He has repeatedly spoken of this himself -- it is to defeat communism. 
Yeltsin's other idee fixe is the burial of Lenin. And there can be no 
doubt that it would be a worthy "czar-like gesture" for him to bury 
Lenin, ban the Communist Party, and go without waiting for the election 
of a successor and anti-Yeltsin demonstrations after the ban on the CPRF. 

After all, by virtue of its sensational nature the early departure of the 
president would easily divert society's attention from any other events. 
This possibility seems sheer fantasy. But at the same time it is 
absolutely in keeping with B.N.'s character. Moreover, if the CPRF 
remains in parliament after Yeltsin goes, it will extend its death throes 
by a couple of years. But if Yeltsin removes it before he goes, it will 
be impossible to revive the CPRF after his departure. And the excuse for 
the ban could be the Communists' reaction to the burial of Lenin. They 
would be unable to avoid reacting. 

The theory of an "active departure by Yeltsin" probably seems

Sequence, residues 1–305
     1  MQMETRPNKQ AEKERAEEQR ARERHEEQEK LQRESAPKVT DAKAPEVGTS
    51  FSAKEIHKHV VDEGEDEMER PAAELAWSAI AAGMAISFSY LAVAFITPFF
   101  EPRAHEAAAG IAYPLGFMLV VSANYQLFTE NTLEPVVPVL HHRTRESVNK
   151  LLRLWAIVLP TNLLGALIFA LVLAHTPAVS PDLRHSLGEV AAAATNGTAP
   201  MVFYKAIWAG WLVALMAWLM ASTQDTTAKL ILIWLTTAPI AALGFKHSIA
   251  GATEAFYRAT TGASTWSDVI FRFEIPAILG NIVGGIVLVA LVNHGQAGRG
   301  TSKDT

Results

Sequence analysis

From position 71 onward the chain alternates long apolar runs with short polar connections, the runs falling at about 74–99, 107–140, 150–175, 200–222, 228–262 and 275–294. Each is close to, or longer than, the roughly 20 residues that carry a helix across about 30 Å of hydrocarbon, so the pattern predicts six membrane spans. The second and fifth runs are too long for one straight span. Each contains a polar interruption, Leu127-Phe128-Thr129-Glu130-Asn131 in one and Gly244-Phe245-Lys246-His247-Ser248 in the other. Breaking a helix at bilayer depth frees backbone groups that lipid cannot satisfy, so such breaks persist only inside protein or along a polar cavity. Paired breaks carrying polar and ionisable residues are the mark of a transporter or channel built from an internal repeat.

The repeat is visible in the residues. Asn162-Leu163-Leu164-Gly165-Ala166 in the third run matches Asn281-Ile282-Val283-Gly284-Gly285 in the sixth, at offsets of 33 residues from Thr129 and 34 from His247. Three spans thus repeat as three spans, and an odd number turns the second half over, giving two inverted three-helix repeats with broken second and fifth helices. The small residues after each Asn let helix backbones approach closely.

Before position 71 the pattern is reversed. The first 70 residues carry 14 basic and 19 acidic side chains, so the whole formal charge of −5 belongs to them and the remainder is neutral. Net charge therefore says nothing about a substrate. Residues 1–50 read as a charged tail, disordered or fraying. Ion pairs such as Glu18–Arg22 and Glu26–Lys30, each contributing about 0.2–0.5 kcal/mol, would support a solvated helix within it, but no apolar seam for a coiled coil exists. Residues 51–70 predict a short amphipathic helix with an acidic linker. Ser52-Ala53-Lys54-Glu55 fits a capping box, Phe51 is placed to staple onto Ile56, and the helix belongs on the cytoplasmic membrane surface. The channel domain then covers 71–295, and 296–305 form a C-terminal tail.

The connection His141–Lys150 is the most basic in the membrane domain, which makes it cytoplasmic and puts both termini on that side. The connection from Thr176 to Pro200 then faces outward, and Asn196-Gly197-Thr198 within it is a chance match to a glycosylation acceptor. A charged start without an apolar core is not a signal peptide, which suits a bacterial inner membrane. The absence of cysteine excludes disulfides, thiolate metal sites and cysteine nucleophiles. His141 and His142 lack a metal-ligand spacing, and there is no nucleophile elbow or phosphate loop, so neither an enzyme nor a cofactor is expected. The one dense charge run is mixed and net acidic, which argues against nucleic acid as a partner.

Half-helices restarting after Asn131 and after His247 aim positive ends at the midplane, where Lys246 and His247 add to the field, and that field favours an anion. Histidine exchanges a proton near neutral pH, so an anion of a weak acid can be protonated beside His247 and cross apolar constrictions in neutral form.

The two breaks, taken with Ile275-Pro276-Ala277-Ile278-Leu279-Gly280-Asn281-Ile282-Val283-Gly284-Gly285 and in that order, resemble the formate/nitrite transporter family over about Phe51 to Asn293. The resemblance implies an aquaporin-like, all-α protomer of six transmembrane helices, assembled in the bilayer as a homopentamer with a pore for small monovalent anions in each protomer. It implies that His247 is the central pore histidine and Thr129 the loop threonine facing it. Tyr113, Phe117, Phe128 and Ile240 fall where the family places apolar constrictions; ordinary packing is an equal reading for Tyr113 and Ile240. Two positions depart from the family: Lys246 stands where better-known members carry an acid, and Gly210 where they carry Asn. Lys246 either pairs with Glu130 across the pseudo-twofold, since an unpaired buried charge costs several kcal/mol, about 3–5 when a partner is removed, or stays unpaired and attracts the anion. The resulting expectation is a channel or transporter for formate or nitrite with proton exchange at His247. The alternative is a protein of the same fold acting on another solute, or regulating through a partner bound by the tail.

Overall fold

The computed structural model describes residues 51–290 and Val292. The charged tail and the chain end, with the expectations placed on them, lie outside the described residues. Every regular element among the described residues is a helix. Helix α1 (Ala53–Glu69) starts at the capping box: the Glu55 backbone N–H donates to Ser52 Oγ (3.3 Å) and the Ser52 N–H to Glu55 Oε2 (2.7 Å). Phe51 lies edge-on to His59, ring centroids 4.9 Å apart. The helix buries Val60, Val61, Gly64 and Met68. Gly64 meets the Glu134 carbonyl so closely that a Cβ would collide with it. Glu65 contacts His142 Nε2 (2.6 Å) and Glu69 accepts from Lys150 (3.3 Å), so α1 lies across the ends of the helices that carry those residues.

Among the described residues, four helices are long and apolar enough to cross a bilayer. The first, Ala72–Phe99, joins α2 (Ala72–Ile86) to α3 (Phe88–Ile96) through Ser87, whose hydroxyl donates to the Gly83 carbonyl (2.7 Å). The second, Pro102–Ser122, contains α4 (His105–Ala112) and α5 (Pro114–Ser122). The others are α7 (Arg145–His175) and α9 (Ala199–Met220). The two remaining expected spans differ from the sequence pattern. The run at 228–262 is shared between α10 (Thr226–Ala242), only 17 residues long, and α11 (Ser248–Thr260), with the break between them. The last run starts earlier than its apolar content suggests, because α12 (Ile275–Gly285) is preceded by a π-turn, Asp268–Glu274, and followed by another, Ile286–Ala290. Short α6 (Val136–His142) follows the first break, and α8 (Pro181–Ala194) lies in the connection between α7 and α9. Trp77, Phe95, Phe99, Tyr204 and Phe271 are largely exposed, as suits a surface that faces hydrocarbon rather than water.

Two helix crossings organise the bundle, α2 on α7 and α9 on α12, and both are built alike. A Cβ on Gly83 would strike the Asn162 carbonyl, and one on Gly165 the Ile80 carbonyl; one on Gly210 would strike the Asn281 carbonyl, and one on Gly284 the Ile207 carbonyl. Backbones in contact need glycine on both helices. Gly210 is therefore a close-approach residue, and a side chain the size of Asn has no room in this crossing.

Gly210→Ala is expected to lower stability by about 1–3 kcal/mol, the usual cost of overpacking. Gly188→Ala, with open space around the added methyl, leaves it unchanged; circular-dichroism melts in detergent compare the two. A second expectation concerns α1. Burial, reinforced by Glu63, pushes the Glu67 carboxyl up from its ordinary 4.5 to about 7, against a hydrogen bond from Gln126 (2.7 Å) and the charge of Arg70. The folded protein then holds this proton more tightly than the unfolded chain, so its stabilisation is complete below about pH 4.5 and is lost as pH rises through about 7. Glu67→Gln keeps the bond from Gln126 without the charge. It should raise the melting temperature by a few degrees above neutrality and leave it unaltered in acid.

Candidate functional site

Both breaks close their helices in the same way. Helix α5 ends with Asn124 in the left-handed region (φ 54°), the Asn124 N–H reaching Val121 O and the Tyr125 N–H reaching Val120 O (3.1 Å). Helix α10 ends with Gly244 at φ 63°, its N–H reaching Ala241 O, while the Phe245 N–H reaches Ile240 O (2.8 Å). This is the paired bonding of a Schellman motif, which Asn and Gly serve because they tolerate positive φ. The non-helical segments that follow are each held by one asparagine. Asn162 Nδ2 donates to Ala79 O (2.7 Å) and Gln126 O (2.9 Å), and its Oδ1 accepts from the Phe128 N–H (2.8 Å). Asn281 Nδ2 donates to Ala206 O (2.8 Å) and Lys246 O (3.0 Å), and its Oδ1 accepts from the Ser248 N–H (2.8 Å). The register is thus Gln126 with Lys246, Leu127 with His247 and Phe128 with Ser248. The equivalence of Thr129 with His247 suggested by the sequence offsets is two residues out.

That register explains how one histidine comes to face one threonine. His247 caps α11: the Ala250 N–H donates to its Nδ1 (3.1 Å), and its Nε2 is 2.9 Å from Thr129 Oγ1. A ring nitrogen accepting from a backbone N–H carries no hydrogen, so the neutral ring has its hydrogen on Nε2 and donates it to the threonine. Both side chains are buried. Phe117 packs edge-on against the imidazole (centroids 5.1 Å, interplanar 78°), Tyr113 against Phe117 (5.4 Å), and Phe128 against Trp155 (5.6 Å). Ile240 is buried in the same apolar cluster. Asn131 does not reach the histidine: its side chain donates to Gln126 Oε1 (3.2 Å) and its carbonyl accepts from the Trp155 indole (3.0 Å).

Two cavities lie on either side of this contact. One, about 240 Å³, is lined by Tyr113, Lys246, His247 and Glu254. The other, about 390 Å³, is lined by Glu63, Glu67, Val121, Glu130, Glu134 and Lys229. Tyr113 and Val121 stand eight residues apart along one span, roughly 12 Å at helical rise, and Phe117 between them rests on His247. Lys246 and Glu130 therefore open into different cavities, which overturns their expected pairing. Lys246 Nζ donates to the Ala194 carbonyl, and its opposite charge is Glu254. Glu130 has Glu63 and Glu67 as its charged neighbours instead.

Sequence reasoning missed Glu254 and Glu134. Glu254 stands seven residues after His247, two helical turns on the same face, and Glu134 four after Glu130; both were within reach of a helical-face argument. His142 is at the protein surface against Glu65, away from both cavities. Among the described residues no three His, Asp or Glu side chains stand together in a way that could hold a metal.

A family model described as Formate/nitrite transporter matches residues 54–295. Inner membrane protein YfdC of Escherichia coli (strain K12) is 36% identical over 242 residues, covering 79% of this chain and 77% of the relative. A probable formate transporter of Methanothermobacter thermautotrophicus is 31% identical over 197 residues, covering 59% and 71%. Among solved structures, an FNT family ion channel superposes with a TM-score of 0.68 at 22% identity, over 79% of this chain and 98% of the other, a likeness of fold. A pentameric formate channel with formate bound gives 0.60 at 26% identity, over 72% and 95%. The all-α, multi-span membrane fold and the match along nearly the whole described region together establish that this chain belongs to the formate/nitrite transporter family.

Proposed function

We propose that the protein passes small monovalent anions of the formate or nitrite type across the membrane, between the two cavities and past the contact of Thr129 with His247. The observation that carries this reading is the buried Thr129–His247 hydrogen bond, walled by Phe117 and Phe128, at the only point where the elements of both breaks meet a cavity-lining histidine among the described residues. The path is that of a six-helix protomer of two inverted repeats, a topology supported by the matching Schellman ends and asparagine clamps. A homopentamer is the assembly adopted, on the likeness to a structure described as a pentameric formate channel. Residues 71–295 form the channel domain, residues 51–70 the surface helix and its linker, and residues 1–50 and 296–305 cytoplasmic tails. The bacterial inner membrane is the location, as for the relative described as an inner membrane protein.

unrealistic even to his inner circle. But the point is that everything 
will be decided by the president, not his entourage. Incidentally, people 
with keen antennae are already preparing. The Communists are trying to 
defend themselves from the burial of Ilich [Lenin], and Kiriyenko has 
declared that Yeltsin should go in December. This would be to Kiriyenko's 
advantage, of course. Luzhkov would have to switch immediately to the 
presidential elections, and in Luzhkov's absence Kiriyenko would have a 
realistic chance of fighting for the post of Moscow mayor. In other 
words, forces are emerging which, by urging or opposing an "active 
departure," are in principle creating the possibility of this development 
of events. But there can be no doubt that at the last moment Yeltsin will 
certainly try to upset the applecart and make an "impressive" departure 
into history. And the winner will be whoever can fathom how the "black 
box" called B.N. is going to decide to do this. 


Date: Tue, 29 Jun 1999 
From: "Jerry F. Hough" <>
Subject: 3366-Akin/Oligarch Chubais,

It is striking to read and reread the Western analyses of the Russian 
economy, even relatively recent ones and then to read the articles that 
stream across your news letter. The most recent is the glowing article 
in Moscow Times about Chubais's attempt to make himself impervious from 
control in United Electric Company, at least in conjunction with foreign 

What does it mean, as Chubais reported, that the electric utility 
company gets little more than 20 percent of its payments in cash? No 
doubt, it gets some payment in real goods, but it means that "barter," 
like "inter-enterprise loans" in the past, normally means the providing of 
off-budget subsidies in a totally personalized manner to enterprises and 
regions. If you cross the powers in Moscow, you don't get your free